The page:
Ideas on Enterprise Information Systems Development

This blog is devoted to ideas on Enterprise Information Systems (EIS) development. It focuses on Lean Thinking, Agile Methods, and Free/Open Source Software, as means of improving EIS development and evolution, under a more practical than academical view. You may find here a lot of "thinking aloud" material, sometimes without scientific treatment... don't worry, this is a blog!
Every post is marked with at least one of Product or Process labels, meaning that they are related to execution techniques (programming and testing) or management techniques (planning and monitoring), respectively.

Tuesday, November 2, 2010

Effort Metrics Sophisma - Part II

This a summarization and translation to English of a presentation prepared by me and an associated researcher in 2008. It was used to support our arguments against detailed one-year plans, a demand from the management of a big and interesting project we've been taking part since 2006.


I will interrupt a bit this series because I have just bumped into an "old" article on software metrics, about which I would like to comment briefly: Jones, C. Software Metrics: Good, Bad and Missing, Computer, vol. 27, no. 9, pp. 98-100, Sept. 1994.
Its abstract says
The software industry is an embarrassment when it comes to measurement and metrics. Many software managers and practitioners, including tenured academics in software engineering and computer science, seem to know little or nothing about these topics. Many of the measurements found in the software literature are not used with enough precision to replicate the author's findings-a canon of scientific writing in other fields. Several of the most widely used software metrics have been proved unworkable, yet they continue to show up in books, encyclopedias, and refereed journals.

Although it was published 16 years ago, I think the problems listed on this paper are still valid, and the paragraph above manifests my opinion on the use of metrics for planning in software: they only work under certain conditions and may have worked for a given sample of projects, but may not work for my project. In my humble opinion, the current metrics don't present a sufficient level of determinism so that we can  use them seriously for planning.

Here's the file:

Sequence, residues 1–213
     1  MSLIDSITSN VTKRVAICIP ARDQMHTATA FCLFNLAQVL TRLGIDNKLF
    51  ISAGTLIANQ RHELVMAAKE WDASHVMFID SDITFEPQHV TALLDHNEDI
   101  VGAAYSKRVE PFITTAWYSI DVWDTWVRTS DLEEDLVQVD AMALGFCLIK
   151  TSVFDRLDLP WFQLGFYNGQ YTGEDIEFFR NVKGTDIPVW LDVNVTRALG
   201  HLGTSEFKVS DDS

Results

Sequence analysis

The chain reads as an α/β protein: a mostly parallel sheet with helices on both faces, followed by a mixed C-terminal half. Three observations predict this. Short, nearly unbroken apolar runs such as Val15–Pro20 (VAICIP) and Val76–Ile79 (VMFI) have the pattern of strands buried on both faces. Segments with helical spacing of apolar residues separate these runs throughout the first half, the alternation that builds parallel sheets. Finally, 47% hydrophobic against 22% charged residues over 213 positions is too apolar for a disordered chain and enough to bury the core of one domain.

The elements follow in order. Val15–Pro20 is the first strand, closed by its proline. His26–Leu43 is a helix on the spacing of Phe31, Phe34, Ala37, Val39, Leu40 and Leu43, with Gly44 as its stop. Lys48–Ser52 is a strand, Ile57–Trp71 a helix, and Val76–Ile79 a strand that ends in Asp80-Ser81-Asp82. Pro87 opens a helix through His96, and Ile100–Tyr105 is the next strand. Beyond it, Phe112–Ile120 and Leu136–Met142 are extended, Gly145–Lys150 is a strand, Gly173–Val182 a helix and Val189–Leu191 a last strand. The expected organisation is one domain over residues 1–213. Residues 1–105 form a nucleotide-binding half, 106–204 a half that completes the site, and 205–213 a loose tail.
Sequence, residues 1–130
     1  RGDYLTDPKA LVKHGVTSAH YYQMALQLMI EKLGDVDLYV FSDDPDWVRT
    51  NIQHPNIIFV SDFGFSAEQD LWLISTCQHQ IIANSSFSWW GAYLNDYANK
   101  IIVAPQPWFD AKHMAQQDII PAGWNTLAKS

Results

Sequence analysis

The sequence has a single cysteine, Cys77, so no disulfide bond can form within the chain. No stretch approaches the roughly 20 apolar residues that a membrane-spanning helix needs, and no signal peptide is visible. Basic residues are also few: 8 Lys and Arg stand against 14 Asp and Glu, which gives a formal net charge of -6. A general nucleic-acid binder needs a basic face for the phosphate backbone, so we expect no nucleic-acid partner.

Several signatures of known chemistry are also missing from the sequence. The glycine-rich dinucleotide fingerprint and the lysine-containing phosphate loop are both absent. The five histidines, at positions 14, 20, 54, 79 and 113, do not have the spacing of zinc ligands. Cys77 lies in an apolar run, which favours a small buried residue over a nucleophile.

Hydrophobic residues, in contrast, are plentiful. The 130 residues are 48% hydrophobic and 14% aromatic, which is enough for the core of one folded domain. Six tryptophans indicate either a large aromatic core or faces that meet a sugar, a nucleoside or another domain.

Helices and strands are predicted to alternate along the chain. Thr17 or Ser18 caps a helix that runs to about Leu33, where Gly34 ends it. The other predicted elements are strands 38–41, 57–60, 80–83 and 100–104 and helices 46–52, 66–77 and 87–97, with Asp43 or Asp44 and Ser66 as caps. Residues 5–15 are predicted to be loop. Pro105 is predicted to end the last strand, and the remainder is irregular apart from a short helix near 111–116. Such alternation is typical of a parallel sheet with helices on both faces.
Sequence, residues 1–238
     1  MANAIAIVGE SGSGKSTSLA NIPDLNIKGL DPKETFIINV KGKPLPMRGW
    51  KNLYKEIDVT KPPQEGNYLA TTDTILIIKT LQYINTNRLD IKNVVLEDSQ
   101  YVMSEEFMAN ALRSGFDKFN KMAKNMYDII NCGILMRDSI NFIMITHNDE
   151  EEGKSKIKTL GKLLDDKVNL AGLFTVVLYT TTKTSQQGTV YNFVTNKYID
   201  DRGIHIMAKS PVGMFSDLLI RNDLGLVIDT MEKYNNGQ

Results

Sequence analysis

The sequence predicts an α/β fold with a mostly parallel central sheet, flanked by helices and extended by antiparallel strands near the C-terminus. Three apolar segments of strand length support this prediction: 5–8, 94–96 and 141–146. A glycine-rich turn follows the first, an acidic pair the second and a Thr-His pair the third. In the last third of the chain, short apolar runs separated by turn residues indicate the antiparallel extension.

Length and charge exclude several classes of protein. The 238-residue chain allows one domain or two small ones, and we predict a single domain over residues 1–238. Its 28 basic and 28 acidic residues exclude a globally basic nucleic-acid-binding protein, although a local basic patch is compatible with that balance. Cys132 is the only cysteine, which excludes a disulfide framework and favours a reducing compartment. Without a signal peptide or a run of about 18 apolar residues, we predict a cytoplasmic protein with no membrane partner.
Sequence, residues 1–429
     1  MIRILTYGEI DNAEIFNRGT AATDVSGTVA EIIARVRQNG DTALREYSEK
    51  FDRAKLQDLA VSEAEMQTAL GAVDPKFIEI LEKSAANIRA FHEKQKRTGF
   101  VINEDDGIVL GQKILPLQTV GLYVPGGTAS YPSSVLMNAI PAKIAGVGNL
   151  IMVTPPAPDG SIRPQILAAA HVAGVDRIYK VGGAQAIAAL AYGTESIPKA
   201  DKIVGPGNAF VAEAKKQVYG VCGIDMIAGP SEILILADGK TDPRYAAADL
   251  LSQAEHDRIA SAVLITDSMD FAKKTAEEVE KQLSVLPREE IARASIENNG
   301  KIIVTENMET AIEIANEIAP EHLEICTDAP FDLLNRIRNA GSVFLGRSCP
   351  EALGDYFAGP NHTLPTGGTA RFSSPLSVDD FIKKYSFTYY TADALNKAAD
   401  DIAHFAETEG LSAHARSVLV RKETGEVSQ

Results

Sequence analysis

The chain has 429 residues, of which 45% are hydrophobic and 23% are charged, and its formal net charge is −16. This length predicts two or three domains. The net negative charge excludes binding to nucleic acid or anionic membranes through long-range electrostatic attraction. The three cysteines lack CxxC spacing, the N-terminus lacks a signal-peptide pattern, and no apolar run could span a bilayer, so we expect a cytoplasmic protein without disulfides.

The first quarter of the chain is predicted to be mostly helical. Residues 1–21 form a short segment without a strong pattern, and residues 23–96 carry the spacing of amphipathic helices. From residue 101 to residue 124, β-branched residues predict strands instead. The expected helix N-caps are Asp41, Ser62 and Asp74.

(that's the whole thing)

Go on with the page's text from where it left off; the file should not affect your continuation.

As I said in this series' first post, if I produce a brick here in Brazil, it will present the same size and weight in China, for instance. If I use the correct Engineering units and calculations, someone will reproduce "my experiment" of using these bricks anywhere in the Globe*. But the same doesn't occur with software requirements and thus with source code. I can send the same requirements for different people and they will implement them using different languages, paradigms, algorithms...

*(before someone say that bricks done in Brazil can present different plastic behavior in other regions of the Globe, I say that Materials Science has already developed methods to deal with this, while Software "Engineering" is still far away from doing the same for software.)

It is amazing how people use those constants found in some metrics (such as the one found in Use Case Points, which still gives 47,000 hits in Google...) without thinking that they maybe be not applicable to their specific project!

Therefore, if "So long as these invalid metrics are used carelessly, there can be no true software engineering, only a kind of amateurish craft that uses rough approximations instead of precise measurement.", I prefer to use experience and short iterations for planning.

ps. 1: the cited paper defends the use of Function Points, which I think is not applicable to Iterative & Incremental cycles.

ps. 2: I will repost a previous remark on UCP: Tell me how can you use it in an (really) Iterative & Incremental project (remember that real I&I cycles only details Use Cases when needed, so how are you going to count the number of steps for every use case and then get a "precise" effort estimation?). In spite of this, many teachers still teach UCP and I&I cycles in the same package...

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